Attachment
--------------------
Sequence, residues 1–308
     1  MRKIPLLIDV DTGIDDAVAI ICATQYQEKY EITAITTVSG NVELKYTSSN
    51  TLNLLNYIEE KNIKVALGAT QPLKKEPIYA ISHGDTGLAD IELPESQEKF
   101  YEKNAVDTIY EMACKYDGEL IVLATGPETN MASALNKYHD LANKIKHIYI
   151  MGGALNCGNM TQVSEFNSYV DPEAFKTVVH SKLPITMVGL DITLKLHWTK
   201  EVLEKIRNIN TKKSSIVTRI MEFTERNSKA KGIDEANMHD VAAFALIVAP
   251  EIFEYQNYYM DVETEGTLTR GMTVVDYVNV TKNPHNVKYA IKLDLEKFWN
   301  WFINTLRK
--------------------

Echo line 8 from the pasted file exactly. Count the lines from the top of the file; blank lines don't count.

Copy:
   301  WFINTLRK